Dog Education


The Ashburton District Council is reminding people of their responsibilities as dog owners following a number of dog attacks around the country.

Environmental Monitoring Manager Rick Catchpowle says, "We believe education is the key to avoiding situations like those highlighted in the media over the last few weeks around the country."

"Dogs should always be under control by their owners, and in the case of those dogs in the Ashburton district listed as dangerous or menacing, these must be neutered and muzzled when in public," he added.

Mr Catchpowle says 38 priority one dog complaints were reported to Ashburton District Council in 2015 and this includes dog attacks on people.

As part of a dog education campaign, Ashburton District Council animal control officer Andrea McMurray is continuing to introduce the "DogSmart" program in schools. This is a free dog safety and bite prevention programme that promotes safety around dogs, particularly for young children.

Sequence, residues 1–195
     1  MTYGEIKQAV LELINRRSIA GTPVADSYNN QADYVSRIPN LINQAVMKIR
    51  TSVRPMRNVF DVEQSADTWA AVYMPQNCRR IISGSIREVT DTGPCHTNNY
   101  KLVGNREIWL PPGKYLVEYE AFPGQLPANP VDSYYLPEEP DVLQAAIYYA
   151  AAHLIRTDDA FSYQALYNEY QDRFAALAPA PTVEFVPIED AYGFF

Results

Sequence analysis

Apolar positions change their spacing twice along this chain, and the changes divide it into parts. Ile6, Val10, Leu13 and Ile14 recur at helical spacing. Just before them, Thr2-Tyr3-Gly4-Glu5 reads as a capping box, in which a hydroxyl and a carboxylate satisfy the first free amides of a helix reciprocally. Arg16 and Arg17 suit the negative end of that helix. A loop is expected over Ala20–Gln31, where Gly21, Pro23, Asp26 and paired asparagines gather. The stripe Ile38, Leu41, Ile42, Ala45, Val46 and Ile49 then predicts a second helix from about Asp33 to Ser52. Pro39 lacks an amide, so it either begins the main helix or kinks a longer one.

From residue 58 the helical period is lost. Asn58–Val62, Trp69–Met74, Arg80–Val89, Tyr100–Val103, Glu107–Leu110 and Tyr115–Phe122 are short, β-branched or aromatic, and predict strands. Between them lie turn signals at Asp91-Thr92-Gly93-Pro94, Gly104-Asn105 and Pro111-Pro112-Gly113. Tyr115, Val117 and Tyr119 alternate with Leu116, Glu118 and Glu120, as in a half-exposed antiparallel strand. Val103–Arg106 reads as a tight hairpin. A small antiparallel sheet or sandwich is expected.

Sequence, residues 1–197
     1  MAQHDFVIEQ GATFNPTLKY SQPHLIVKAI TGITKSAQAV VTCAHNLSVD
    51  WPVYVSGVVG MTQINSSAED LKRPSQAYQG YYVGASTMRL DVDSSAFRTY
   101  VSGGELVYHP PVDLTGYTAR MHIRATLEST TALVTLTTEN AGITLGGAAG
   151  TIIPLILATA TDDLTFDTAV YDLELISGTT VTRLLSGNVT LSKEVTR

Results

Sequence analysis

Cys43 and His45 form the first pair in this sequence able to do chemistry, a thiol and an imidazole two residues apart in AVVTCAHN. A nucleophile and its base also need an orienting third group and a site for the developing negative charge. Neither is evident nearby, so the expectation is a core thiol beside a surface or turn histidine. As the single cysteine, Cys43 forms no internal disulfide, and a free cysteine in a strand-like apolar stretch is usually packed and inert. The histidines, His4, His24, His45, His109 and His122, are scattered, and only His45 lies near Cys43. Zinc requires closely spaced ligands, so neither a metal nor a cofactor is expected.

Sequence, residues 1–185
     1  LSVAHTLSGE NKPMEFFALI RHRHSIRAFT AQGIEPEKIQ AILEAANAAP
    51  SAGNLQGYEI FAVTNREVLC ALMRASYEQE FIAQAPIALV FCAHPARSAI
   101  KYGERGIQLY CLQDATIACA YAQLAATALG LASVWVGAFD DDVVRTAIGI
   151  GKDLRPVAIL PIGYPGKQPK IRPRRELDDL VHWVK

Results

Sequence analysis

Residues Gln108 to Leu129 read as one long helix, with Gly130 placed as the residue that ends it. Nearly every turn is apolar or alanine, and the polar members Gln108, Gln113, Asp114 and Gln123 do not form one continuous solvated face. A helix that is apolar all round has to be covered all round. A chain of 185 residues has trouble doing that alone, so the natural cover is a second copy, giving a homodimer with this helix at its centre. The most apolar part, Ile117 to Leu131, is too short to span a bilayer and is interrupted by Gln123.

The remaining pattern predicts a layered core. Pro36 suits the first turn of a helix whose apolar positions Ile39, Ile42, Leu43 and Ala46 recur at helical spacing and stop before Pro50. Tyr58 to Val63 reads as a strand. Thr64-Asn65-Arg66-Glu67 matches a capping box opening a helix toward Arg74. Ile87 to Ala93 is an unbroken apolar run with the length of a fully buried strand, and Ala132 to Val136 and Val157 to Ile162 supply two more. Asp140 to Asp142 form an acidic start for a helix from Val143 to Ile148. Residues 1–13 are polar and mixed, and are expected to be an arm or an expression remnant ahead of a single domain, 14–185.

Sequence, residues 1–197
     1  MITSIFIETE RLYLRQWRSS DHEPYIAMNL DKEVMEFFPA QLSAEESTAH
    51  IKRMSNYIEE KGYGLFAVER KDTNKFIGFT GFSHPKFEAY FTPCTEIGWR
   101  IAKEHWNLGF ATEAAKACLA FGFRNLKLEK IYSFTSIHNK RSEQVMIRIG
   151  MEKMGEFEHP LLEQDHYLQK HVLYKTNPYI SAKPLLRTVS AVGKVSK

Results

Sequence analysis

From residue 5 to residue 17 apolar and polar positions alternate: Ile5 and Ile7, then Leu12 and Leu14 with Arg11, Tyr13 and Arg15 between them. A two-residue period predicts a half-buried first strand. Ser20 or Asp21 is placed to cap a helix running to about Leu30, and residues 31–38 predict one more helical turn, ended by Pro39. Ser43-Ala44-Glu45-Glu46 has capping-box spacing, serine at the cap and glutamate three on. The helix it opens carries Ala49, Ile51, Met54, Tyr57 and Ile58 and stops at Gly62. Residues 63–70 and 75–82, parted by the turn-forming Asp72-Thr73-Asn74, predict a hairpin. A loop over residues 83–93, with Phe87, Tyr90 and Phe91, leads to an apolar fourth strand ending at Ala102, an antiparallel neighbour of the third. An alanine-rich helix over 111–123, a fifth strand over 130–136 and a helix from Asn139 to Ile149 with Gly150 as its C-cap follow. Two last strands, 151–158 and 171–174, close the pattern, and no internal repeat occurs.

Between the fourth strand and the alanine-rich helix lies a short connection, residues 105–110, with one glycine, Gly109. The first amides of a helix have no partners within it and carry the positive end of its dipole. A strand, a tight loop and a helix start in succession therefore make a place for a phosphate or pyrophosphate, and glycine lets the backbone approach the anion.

The program was developed by the Christchurch City Council Animal Control Education Team and is aligned with
the NZ Education Curriculum. It is available to members of the New Zealand Institute of Animal Control Officers to present to primary schools throughout the country. Ms McMurray trained with the Christchurch City Council Animal Control Education Team with her family pet, Roxy and has already made six interactive presentations to schools in Mid Canterbury.

Ms McMurray says the programme – which has been extremely well received in the schools she has presented at - is designed to help students become more aware of how to reduce the risk around dogs and be less likely to become
a statistic.

The programme reinforces the key safety messages of "If the dog’s on its own, leave it alone" and covers how to be safe when meeting a dog, including what to do before approaching a dog. Contact the Council on or phone 307-7700 to enquire about the ADC DogSmart programme coming to your school.

Page reviewed: 14 Apr 2016 11:19am